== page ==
Soil Volume: The Effect of Pot Size on Roots and Canopy Growth Performance of Cactus Pear
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Sawsan Hassan, G. Liguori, Giuseppe Sortino, Mounir Louhaichi, Paolo Inglese. (30/3/2017). Soil Volume: The Effect of Pot Size on Roots and Canopy Growth Performance of Cactus Pear. Coquimbo, Chile.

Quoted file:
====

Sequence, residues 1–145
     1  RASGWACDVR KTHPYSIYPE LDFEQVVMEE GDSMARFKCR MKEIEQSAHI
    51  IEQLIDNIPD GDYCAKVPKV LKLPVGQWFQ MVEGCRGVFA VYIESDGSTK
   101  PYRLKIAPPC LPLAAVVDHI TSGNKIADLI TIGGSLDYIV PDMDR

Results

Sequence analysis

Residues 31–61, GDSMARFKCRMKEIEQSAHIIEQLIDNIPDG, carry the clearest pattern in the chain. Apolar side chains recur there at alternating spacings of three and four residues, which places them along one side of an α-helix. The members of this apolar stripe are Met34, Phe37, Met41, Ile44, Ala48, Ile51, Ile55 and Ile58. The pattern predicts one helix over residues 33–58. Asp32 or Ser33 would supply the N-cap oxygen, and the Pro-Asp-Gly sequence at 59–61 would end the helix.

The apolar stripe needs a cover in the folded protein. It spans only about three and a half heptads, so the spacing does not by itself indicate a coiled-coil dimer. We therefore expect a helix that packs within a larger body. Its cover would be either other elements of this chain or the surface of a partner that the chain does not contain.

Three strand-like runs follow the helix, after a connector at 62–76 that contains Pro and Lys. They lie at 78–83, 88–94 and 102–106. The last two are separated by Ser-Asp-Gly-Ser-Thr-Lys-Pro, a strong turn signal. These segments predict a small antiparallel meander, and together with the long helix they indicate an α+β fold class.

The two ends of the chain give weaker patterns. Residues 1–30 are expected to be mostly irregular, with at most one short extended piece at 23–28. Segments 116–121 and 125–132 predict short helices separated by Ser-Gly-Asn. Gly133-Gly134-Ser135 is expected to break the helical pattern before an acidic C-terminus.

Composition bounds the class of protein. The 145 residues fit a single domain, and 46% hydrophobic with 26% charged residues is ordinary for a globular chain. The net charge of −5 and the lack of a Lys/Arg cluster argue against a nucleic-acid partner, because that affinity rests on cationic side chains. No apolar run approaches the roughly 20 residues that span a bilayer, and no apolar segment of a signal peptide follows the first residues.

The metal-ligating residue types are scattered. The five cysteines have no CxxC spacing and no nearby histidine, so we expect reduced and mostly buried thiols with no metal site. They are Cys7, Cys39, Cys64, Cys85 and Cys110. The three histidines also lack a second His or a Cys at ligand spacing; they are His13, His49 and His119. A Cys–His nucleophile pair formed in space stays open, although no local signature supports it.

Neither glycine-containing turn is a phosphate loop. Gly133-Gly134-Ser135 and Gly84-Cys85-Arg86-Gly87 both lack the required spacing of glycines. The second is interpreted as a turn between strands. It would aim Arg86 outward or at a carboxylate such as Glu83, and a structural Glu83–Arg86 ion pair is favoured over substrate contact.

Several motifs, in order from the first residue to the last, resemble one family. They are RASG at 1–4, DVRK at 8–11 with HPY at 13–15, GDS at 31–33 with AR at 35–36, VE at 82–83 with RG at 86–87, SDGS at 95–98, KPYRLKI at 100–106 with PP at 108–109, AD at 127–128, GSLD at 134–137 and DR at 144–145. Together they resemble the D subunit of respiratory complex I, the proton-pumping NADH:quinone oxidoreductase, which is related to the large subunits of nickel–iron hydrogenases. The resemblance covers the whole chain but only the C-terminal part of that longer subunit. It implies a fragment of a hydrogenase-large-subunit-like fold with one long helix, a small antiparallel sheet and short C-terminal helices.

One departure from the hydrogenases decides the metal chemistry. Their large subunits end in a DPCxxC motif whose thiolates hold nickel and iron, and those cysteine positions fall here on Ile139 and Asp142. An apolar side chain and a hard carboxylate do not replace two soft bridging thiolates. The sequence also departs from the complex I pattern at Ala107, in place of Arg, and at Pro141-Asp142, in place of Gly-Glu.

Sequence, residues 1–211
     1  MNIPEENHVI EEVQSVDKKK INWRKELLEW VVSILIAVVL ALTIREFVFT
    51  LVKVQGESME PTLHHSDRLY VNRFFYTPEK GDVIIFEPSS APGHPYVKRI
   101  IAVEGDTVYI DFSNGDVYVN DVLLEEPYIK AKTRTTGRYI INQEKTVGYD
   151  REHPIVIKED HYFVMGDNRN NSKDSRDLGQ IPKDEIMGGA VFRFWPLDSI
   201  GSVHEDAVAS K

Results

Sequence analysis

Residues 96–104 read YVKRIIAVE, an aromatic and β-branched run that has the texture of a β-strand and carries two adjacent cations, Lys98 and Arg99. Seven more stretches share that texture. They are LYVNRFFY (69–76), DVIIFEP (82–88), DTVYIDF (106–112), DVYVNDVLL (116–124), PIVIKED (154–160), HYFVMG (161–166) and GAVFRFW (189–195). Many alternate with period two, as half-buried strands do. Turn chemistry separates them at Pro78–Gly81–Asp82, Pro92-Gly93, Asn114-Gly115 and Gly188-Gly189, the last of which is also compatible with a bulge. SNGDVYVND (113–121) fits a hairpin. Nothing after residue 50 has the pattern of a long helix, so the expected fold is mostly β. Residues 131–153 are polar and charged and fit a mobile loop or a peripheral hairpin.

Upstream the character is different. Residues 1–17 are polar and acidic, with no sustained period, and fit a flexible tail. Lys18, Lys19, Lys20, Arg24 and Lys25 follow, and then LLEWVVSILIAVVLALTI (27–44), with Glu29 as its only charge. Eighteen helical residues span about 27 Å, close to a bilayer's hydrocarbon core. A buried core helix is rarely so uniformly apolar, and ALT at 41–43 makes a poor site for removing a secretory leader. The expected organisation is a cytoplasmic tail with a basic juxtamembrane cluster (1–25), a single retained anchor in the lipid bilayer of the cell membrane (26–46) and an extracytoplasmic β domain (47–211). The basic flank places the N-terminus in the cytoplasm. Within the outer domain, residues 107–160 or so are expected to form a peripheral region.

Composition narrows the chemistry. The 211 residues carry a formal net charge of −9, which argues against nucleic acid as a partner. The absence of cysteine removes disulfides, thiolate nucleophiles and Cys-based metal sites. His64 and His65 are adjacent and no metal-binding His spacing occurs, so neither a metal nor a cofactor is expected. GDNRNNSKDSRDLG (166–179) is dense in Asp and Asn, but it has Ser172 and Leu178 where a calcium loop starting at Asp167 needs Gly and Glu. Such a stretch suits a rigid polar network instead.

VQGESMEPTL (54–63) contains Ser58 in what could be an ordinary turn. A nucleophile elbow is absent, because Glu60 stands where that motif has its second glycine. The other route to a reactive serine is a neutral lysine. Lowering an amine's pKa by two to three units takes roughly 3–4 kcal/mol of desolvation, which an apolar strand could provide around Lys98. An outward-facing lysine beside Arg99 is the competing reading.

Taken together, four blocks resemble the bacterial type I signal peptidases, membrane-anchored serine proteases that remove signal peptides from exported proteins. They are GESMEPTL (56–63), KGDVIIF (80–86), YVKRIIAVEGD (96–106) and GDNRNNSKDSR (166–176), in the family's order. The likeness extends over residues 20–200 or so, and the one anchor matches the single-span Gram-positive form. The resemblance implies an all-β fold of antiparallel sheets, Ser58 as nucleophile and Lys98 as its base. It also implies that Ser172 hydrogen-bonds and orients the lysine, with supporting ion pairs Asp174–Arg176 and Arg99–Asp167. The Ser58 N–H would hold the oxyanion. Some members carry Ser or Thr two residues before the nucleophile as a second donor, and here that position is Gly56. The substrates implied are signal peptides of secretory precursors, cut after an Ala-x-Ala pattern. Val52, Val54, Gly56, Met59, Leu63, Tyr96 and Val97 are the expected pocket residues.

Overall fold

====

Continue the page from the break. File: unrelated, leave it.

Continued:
The influence of soil volume on roots and canopy growth performance of cactus pear (Opuntia ficus-indica) was studied at Palermo University. In November 2014, 1 year old Opuntia ficus-indica cladodes were planted in five different size of pots 49, 33, 18.5, 9 and 6 L. Three replicates (plants) per pot size were dug out at 6 and 12 months. The resulting experimental design was a randomized complete block design with three replications (each replication was one plant in one pot size). Roots were washed and roots length was manually measured. Roots fresh and dry weigh was obtained. Cladode surface area, cladode thickness, number of new cladodes, cladode fresh and dry mass were measured and recorded for each plant. Results indicate a significant effect of pot sizes (P<0.01) on root length, root fresh weight, and dry weight in both studied intervals. Roots of cuttings planted in pot sizes 49 and 33 L exhibited significantly the highest values of length, fresh and dry weight. Increasing the pot size enhanced the thickness, fresh and dry weight of the cladodes (P<0.01) in both interval but not the surface area. Mother cladode dry weight was affected by the smallest pot size (P<0.01). In the first interval, number of the new cladodes for both first and second generation was not affected by the pot size. On the contrary, in the second interval, pot size exhibited significant effect on new cladode production and pot sizes 49 and 33 L recorded the highest (P<0.05) number of new cladodes. In both intervals no second generation new cladodes were observed in 9 and 6 L pot sizes. In both intervals, the root dry weight was strongly correlated to the root length and fresh weight (r =0.89 to 0.99, P < 0.01), total cladodes fresh and dry weight (r =0.64 to 0.95, P < 0.01) and to mother cladode fresh weight (r =0.71 to 0.95, P < 0.01). These results suggest that the limitation of soil availability resulted in root and canopy growth limitation.